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fŭror , ōris, m. furo,
I.a raging, raving (in sickness or violent passion), rage, madness, fury.
I. Prop.: hanc insaniam (μανίαν), quae juncta stultitiae patet latius, a furore disjungimus... Quem nos furorem, μελαγχολίαν illi (Graeci) vocant ... Qui ita sit affectus, eum dominum esse rerum suarum vetant duodecim tabulae. Itaque non est scriptum: “Si INSANVS, sed: SI FVRIOSVS ESCIT. Stultitiam enim censuerunt insaniam, constantiā, id est sanitate vacantem ... furorem autem esse rati sunt mentis ad omnia caecitatem: quod cum majus esse videatur quam insania, tamen ejusmodi est, ut furor in sapientem cadere possit, non possit insania,Cic. Tusc. 3, 5, 11; id. Ac. 2, 27, 88: “ira furor brevis est,Hor. Ep. 1, 2, 62; cf.: “fere ira et concitatio furori sunt similia,Quint. 7, 4, 31: “hic si mentis esset suae, nisi poenas patriae furore atque insania penderet,Cic. Pis. 21, 50; cf.: “furore atque amentiā impulsus,Caes. B. G. 1, 40, 4; cf. id. ib. 7, 42: “Catilinae,Sall. C. 24, 2: “versatur mihi ante oculos aspectus Cethegi et furor in vestra caede bacchantis,Cic. Cat. 4, 6, 11: “caeci furore,Liv. 28, 22, 14; cf. Cat. 64, 197: “rabidus,id. 63, 38: “caecus,Hor. Epod. 7, 13: “nec se comitem illius furoris, sed ducem praebuit,Cic. Lael. 11, 37; cf. id. Rep. 1, 28 fin.: si decima legio ad eundem furorem redierit, Planc. ap. Cic. Fam. 10, 11, 2; “so of political excitement,Caes. B. G. 2, 3, 5; Liv. 2, 29, 11; 25, 4, 5; 28, 25, 12; Hor. C. 4, 15, 17; of the fierce passion of love, Prop. 1, 13, 20; Verg. A. 4, 101; Ov. H. 9, 145.—In plur.: “mille puellarum, puerorum mille furores,Hor. S. 2, 3, 325; of the inspired frenzy of prophets and poets (as translation of the Gr. μανία): “ea (praesagitio) si exarsit acrius, furor appellatur, cum a corpore animus abstractus divino instinctu concitatur,Cic. Div. 1, 31, 66: “negat sine furore Democritus quemquam poëtam magnum esse posse,id. ib. 1, 37, 88: “ille furor (Cassandrae) patriae fuit utilis,Prop. 3, 13 (4, 12), 65.—In plur.: “fatidicos concepit mente furores,Ov. M. 2, 640: “ad hunc impendiorum furorem,Suet. Ner. 31.—Prov.: “furor fit laesa saepius patientia,Pub. Syr. 178 Rib.—Poet. also in a good sense: “vidi animos, mortesque virŭm, decorisque furorem,vehement desire, Sil. 2, 324.—In plur.: “nec tamen incautos laudum exhorresce furores,Sil. 3, 146.—Poet., of things: “caeli furor aequinoctialis,the raging storms, Cat. 46, 2.—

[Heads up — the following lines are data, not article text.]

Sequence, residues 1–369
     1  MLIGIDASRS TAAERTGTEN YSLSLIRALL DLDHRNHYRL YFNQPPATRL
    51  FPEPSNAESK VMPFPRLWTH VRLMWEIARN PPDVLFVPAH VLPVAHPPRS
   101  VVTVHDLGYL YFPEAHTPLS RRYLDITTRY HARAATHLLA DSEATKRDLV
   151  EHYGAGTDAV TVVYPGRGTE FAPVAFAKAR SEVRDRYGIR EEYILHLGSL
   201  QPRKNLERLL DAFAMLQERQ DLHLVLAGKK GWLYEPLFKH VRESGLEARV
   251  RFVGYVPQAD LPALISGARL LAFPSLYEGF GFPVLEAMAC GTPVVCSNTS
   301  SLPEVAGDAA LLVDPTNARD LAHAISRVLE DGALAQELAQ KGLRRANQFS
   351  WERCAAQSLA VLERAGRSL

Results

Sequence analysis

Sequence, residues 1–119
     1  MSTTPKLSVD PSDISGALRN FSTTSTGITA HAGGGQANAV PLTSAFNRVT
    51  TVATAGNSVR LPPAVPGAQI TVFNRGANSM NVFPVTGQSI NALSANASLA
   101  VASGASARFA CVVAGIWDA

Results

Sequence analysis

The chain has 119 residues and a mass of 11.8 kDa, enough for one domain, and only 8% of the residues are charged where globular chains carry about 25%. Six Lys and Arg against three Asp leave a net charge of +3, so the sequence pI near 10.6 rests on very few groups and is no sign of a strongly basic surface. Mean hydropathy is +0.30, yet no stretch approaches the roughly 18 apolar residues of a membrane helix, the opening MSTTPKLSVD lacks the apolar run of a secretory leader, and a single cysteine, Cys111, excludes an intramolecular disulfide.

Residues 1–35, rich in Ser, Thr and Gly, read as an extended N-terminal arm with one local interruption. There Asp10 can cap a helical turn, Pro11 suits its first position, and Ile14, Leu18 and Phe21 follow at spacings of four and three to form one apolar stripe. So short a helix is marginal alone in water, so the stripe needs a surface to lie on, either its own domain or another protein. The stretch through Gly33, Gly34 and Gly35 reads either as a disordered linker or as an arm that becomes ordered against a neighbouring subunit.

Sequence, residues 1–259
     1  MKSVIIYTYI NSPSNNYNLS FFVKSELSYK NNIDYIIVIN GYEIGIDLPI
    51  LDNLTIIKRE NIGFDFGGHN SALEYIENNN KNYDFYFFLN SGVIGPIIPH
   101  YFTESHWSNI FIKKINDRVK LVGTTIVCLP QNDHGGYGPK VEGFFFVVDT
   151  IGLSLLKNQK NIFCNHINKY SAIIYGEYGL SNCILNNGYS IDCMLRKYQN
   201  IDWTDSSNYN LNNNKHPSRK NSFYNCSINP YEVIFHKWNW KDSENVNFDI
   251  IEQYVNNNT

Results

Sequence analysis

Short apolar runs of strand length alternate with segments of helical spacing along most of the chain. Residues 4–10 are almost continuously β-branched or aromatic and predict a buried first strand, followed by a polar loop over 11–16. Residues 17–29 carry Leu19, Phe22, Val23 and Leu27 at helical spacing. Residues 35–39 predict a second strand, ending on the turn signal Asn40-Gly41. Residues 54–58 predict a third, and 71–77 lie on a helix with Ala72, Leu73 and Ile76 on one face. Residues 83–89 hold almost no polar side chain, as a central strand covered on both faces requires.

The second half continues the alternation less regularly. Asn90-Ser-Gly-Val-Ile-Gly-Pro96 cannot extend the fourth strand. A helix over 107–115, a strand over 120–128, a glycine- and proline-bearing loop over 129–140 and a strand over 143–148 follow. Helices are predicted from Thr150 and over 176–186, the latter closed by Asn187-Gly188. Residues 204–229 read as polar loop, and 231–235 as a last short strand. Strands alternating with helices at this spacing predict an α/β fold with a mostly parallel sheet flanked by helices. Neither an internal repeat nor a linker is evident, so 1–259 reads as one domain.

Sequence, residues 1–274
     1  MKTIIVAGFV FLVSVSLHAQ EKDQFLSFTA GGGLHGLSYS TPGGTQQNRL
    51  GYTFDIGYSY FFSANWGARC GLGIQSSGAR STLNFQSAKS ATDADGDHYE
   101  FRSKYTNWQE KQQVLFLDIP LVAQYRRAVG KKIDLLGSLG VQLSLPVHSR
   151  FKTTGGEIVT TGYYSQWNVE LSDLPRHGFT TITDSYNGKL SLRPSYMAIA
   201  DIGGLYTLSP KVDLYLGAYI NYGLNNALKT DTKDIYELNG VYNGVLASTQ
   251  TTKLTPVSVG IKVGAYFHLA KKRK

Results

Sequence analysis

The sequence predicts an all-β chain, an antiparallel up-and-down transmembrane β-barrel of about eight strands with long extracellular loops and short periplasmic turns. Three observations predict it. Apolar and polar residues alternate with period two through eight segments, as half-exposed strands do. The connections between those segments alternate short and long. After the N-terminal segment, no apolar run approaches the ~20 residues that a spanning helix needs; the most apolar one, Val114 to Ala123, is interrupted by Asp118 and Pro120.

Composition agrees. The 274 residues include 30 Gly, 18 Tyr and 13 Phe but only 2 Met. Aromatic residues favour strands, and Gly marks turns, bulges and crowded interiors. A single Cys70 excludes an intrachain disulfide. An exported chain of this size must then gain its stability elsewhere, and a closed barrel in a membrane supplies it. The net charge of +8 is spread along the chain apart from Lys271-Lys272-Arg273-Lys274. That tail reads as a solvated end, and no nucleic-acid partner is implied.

(β). Furor est, it is madness or folly; with inf. (poet. and in post-Aug. prose): “quis furor est, census corpore ferre suo?Ov. A. A. 3, 172: “furor est, mensuram ejus (mundi) animo quosdam agitasse atque prodere ausos ... furor est, profecto furor, egredi ex eo, etc.,Plin. 2, 1, 1, § 3: “magno furor (leonis) est in sanguine mergi,raging desire, Stat. Th. 8, 596: “simplexne furor (est) sestertia centum perdere et, etc.,is it not worse than folly, Juv. 1, 92.—
II. Transf., the cause of wrath (poet.): “non ita saeva ira mea ut tibi sim merito semper furor,Prop. 1, 18, 15.—
III. Fŭror , personified, Verg. A. 1, 294; cf. v. 348; as a deity, the companion of Mars, Sil. 4, 327; Stat. Th. 3, 424; 7, 52; cf. Petr. S. 124.
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